It may have taken 20-30 years of faithful, prayerful witness by the Son of God, but the miracle occurred: his brothers believed. May the Lord of glory grant the same grace to our beloved unbelievers.

Posted originally on the Desiring God blog here: http://ow.ly/bak7B

That I May Know Him

(7) But whatever gain I had, I counted as loss for the sake of Christ. (8) Indeed, I count everything as loss because of the surpassing worth of knowing Christ Jesus my Lord. For his sake I have suffered the loss of all things and count them as rubbish, in order that I may gain Christ (9) and be found in him, not having a righteousness of my own that comes from the law, but that which comes through faith in Christ, the righteousness from God that depends on faith—(10) that I may know him and the power of his resurrection, and may share his sufferings, becoming like him in his death, (11) that by any means possible I may attain the resurrection from the dead. (Philippians 3:7-11)

This verse brings me great joy and great confidence. I’m not sure if any other set of verses in the Bible provides much more confidence than this one does for me. The power in which Paul proclaims these truths in these verses is astounding, and the sheer Gospel-centrality of them is enough to bring me to my knees before a Holy God. But not only is He a Holy God, He’s MY God. And Ephesians 1 says that God has chosen me, and all those who profess faith in Him, for adoption as sons. We, an evil (Genesis 6:5), wicked (Jeremiah 17:9), idolatrous (Romans 1:22-25), lying (Romans 3:4), adulterous (James 4:4, Matthew 5:28), greedy (Matthew 23:25) people are brought near to God, through Jesus (Hebrews 4:14-16), and proclaimed clean (1 John 1:7), righteous (Romans 3:22), holy (Hebrews 10:10), blameless (Ephesians 1:4), and empowered by God Himself (1 John 4:15).

Romans 3:10-12 says that no one is righteous, and yet Christ died to reconcile us to God (Ephesians 2:16, Colossians 1:20).

Do you feel the weight of this? It’s not that we were so lovable that Christ came and cuddled with us because we were so cute. Christ came to reconcile us, despite us, and this should lead us to deep gratitude and worship.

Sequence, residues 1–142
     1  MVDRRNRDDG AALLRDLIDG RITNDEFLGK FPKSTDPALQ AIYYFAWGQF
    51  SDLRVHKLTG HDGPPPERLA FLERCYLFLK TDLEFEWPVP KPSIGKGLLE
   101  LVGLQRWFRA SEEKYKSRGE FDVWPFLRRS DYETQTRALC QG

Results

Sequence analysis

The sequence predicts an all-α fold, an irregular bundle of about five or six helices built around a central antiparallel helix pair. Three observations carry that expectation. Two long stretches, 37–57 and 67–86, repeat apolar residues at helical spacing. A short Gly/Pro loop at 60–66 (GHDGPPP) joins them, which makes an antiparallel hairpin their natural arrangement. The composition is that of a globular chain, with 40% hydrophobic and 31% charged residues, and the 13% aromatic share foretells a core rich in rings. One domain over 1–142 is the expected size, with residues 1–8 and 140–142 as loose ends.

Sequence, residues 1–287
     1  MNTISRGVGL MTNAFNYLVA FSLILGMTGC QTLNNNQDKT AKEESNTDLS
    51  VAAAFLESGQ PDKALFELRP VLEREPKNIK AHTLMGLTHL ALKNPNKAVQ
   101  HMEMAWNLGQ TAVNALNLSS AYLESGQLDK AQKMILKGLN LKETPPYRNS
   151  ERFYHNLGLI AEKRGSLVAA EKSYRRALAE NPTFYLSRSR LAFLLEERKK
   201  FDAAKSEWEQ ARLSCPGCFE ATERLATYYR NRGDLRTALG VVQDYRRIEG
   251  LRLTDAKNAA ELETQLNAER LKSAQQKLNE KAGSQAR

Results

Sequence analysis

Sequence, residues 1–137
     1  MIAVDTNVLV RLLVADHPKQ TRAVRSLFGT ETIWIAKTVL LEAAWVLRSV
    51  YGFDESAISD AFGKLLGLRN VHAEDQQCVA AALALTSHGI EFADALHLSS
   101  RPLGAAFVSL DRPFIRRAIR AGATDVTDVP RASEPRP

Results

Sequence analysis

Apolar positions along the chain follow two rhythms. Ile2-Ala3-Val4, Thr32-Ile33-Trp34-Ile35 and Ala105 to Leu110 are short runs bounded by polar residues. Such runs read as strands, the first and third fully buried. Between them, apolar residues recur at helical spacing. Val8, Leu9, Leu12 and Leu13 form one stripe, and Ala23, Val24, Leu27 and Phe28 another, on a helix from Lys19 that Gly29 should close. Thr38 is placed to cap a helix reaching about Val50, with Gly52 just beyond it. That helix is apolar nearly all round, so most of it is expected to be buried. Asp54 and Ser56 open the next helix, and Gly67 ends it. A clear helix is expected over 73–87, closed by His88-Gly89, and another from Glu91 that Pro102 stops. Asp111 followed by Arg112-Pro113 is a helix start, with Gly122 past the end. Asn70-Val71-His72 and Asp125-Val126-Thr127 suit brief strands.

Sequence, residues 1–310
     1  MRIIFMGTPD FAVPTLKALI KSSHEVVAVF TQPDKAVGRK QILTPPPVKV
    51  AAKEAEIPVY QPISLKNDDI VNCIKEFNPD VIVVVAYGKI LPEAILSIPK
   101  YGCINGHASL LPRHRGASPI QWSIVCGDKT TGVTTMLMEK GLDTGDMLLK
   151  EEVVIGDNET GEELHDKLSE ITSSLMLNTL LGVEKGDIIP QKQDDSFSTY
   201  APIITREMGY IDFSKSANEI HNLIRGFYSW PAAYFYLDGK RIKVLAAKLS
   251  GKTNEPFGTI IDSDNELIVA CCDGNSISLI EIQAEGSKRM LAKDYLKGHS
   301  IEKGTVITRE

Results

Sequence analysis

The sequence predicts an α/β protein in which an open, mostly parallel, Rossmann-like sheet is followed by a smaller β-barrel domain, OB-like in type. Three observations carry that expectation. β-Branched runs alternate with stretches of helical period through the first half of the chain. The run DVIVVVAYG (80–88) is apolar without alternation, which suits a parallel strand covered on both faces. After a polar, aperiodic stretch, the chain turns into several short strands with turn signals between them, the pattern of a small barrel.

Paul says above in verse 8 that every gain he had (which, by the way, was a lot) he counted as nothing for the sake of knowing Christ. He even says later in the verse that he considers it rubbish when compared to Christ! Matt Chandler paints this picture well. He talks about how we so eagerly go after the next big thing–that new TV, the new car, the next iPhone–and how all of the things we spend so much time pursuing ends up being “stuff of future garage sales, dumps, and storage units.”

Let us have a unity of focus like Paul does in this passage in Ephesians. Verses 8-10 show the heart of it when it illustrates why he counts all things as loss compared to Christ: “in order that I may gain Christ and be found in Him… that I may Him and the power of His resurrection.”

At the end of the day we want Christ. Our pursuit is Christ. Our longing is for Christ. And our passions in life should all center back on glorifying, and making much of, Christ. David Platt says that Christians are a people “conquered by a superior affection” and for me, I pray that those words may be said about me. I want to be consumed in the making much of God.

May we all feel the weight of this, and may this be just what we needed to hear tonight. This Gospel is more than any of us deserve, and better than anything we can ever attain, but the glorious truth is that it is freely offered to us. May we praise God with everything within us and have this be the foundation of everything we do. I want to live to make much of God and I pray that you will join me in this.